4/2019 Improve Compatibility with Browser Fallbacks

Tell us what’s happening:

Your code so far


<style>
  :root {
    --red-color: red;
  }
  .red-box {
    
    background: red; var(--red-color);
    color: red;
    height: 200px;
    width:200px;
  }
</style>
<div class="red-box"></div>

Your browser information:

User Agent is: Mozilla/5.0 (Windows NT 10.0; Win64; x64) AppleWebKit/537.36 (KHTML, like Gecko) Chrome/73.0.3683.103 Safari/537.36.

This is not valid syntax

The semicolon ends a rule, so you have a var(--red-color) hanging around

still not getting past the challenge (so frustrated)

:root { --red-color: red; } .red-box { background: var(--red-color); color: red; height: 200px; width:200px; }

The challenge asks you to add a background declaration that doesn’t use variables above the current one so that a browser that can’t interpret that line will have a rule above that to use, the last code you posted seems just the starting code

I’ve been trying this challenge for over an hour. I feel stupid and helpless but I just do not understand what I am doing wrong.

:root { --red-color: red; } .red-box { color: red; background: var(--red-color); height: 200px; width:200px; }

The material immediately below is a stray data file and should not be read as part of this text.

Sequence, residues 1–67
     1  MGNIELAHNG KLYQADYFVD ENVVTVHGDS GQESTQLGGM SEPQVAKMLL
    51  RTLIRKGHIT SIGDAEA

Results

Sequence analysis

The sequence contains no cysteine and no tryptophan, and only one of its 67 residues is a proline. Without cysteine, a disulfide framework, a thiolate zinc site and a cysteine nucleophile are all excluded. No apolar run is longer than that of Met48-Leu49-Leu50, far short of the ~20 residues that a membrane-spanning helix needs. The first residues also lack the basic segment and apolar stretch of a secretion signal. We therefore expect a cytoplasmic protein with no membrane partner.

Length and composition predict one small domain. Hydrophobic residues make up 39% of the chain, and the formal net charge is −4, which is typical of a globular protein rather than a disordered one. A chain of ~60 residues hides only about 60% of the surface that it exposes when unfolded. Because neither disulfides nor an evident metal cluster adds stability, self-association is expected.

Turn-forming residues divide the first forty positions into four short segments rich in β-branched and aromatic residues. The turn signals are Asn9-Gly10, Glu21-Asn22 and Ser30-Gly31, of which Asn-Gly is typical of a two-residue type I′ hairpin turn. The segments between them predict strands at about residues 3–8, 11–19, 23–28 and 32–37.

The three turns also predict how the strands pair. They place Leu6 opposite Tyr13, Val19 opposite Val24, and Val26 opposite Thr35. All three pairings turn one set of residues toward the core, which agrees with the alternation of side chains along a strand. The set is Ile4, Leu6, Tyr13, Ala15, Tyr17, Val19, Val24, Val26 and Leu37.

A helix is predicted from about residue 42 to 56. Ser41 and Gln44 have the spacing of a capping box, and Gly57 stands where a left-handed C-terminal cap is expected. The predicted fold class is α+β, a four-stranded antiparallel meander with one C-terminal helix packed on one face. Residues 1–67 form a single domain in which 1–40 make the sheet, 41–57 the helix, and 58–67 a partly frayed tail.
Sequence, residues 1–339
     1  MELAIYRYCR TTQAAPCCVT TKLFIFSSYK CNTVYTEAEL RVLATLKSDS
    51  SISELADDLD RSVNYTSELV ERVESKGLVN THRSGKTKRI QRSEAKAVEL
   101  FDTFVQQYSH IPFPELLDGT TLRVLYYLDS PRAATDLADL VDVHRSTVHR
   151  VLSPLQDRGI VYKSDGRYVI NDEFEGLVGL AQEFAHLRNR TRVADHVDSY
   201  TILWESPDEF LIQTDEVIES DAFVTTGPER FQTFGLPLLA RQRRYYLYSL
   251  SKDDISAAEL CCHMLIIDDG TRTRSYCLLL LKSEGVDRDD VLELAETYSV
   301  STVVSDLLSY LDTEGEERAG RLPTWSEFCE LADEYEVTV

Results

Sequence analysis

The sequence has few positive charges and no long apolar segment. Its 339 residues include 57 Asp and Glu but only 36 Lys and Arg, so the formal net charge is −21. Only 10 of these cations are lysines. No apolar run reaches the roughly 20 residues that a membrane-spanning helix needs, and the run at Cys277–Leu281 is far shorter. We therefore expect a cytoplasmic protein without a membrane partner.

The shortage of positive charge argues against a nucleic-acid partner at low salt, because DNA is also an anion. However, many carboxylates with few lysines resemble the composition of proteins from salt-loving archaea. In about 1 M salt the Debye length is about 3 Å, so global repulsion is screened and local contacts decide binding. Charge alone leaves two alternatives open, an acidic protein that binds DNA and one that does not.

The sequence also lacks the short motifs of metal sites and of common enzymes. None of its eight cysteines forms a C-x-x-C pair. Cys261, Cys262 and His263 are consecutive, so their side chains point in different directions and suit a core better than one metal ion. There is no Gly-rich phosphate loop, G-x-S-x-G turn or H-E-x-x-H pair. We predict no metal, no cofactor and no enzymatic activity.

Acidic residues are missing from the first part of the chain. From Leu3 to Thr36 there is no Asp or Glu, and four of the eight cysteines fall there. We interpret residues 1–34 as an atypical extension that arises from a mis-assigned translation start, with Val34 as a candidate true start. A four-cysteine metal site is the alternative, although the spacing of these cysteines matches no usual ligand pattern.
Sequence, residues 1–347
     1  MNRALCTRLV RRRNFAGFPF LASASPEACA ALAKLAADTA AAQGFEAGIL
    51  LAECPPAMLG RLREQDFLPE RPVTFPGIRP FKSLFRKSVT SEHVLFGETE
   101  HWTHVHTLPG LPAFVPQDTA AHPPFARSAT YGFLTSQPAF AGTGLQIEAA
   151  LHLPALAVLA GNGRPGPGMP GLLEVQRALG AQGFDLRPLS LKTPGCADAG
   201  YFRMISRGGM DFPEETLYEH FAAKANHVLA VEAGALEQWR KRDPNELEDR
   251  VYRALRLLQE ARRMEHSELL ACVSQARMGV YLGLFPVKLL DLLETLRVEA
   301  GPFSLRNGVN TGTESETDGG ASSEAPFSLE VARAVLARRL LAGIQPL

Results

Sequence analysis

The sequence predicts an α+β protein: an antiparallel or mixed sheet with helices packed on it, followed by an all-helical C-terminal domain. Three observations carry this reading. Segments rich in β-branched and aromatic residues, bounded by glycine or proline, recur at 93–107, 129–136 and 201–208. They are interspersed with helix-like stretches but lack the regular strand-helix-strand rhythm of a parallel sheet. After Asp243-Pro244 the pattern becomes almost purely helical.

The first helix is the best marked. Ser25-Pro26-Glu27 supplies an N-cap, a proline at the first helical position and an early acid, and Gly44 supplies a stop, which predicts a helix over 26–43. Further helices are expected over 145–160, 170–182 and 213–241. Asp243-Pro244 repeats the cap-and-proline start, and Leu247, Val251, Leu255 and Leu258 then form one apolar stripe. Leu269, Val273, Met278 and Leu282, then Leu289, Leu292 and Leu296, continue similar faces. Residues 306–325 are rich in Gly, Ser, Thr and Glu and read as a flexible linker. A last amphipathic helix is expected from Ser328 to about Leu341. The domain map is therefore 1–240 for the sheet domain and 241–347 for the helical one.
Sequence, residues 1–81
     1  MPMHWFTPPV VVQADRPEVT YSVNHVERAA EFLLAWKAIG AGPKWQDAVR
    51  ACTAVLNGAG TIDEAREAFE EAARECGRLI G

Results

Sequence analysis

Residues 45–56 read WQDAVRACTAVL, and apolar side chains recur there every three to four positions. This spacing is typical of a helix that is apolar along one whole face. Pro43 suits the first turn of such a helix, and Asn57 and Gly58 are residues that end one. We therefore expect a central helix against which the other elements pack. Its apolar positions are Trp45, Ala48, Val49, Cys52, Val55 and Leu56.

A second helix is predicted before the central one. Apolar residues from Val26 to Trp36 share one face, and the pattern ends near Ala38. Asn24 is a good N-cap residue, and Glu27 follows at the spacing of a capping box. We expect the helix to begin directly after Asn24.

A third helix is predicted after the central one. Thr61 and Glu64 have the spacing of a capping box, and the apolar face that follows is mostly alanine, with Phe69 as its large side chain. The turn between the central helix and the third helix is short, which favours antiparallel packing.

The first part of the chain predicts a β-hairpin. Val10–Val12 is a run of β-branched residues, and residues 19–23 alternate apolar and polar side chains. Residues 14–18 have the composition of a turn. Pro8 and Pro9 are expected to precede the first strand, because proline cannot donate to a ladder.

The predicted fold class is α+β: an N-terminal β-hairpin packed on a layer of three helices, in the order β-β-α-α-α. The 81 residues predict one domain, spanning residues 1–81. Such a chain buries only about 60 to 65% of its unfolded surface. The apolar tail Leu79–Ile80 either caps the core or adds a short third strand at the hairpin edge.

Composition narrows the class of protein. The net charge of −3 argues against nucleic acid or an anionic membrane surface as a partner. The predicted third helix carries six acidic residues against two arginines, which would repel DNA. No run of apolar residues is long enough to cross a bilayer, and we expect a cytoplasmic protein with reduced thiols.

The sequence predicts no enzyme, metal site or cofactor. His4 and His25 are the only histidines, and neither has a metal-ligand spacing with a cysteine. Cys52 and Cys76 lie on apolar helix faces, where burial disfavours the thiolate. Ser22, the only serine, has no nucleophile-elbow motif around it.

Reset your code, and focus just on the background rule
The one present uses the variable declared above. And that is awesome, you can use that variable to make various things in the web page the same colour, and then change only in one place to try different shades.

But we need to think also about old browsers. So we need a background property with just value of red so that if they can’t render the rule with variable will look above it for a rule they can use

The name of the property is the same, you need to give it a different value than the already existing one

ready to cry, I know you are trying to help, but I just don’t get it without an example.

If for example you where using --blue-color variable to set the color of some text, you would write

.box {
   text-color: var(--blue-color);
}

To be sure that also old browsers can add a color, you would add a second declaration without using variables above the first one

.box {
   text-color: blue;
   text-color: var(--blue-color);
}

In CSS the C is for Cascading, the used rule is the last one, but if that one can’t be used, the browser will use the one above that.

:root { --red-color: red; } .red-box { box-color: red; background: var(--red-color); height: 200px; width:200px; }

Nope, you don’t have a background rule that doesn’t use variables.

Why are you using box-color? You don’t have a rule box-color there

You have background: var(--red-color); that use variables. Add a background rule like this one but with a value like you would set a color normally in case you didn’t know of variables existence

Take a break, go for a walk, drink a cup of tea…

1 Like

going for the cup of tea, thank you for your patience